Be messy. Write excerpts from chapter one of the book in one page and write excerpts from chapter 18 right after. Let yourself go messy, then piece the excerpts back together. In no time, you’ll have a full story.
Don’t worry about your grammar. To be honest, when I write I couldn’t care less about my spelling (case in point: when I referred to a medical coma as a ‘comma’ throughout a whole story). Let the words flow free like a jungle river, editing comes later.
Go through your photos, your reaction pictures, gifs or photoshoots of your favorite celebrities or shows. You never know where your inspiration will come from. Besides, looking at Tom Hiddleston’s face for a prolonged amount of time will shoo away all writers block and fill your mind with flowers and rainbows. 
Goof around. Complain on your blog (Hey, careful here, don’t let 3 minutes of ranting turn into 2 hours of tumblring). Complain and complain until there isn’t anything left for you to complain about. Then, get back to work. 
Create a weird challenge. Challenge yourself to include at least 6 alliterations in each chapter, or 3 Supernatural references in each chapter. Make it a fun challenge you’d like to comply with, this way you look forward to the next chance you get to complete the challenge.
Lay down and listen to music. Let your mind flow away into world inspired by the lyrics of the songs. I personally sit down and listen to Josh Groban, his voice tends to take me to emotional situations, and I use those feelings to vent out into my writing. (I mostly write angst, whoops).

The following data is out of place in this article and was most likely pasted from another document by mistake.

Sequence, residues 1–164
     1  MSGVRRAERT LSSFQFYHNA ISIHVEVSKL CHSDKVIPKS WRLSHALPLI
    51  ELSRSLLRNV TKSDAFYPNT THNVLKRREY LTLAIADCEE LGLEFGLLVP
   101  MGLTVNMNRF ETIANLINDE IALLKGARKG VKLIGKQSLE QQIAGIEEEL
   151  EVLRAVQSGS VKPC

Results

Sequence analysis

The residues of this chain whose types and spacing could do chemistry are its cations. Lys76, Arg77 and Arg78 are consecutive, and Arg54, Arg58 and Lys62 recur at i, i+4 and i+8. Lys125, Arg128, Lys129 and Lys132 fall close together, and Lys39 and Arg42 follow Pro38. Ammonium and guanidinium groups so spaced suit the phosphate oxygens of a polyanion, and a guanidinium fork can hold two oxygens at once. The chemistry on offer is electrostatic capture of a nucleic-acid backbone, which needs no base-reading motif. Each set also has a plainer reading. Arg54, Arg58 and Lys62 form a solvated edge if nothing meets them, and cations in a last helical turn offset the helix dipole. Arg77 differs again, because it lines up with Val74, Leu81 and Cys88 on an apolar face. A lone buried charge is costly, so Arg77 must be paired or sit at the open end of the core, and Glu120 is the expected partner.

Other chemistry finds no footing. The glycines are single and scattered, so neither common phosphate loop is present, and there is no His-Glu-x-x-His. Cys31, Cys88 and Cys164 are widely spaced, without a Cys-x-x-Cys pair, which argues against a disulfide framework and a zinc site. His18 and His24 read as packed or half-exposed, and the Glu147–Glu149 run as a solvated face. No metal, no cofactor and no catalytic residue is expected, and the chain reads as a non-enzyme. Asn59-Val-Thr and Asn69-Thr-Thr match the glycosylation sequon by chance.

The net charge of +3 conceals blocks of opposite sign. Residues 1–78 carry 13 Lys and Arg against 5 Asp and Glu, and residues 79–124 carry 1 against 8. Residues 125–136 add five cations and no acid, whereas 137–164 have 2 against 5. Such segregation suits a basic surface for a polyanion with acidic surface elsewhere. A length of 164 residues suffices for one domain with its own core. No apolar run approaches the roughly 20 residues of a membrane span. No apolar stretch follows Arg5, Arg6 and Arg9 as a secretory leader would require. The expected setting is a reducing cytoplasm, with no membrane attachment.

We all have what we like to call our ‘inner-critic’. This is the annoying little voice in your head constantly telling you that your writing is not good enough, not orignial enough. Well, instead of listening to your critics’ negative comments, get him/her on your side. Get them to comment positively on your work and boost your self esteem. Hey, it’s your inner critic, inside your mind, you control it after all.
Stare intensely at your work for a few minutes. I’ve done this before, I like to call it the ‘empty stare’ or the ‘Sherlock sulk’. Just sit, stare at your paper and think. Let the thoughts race into your head until you find one that works for you, and get back to writing. 
Go out and buy pens. Pens are every writers’ secret pleasure, even those who write on the computer. Buy some pens, gel pens preferably, and just scribble with them a while. 
Take an old notebook, close down your computer, and write. It doesn’t have to be related to your story, just any outpouring thoughts. At least some of those thoughts will have to do with your story, right?
Before you even start writing, set up with everything you need. I’m sometimes an OCD freak when it comes to my workspace. Set up thinks how you like them, organize the desk before you start, or chances are you’ll get distracted by how disorganized your space is during the writing time. Boom, more writers block. *Tip: I keep a notebook, pens, and an open fanfiction on my phone to read if I get frustrated*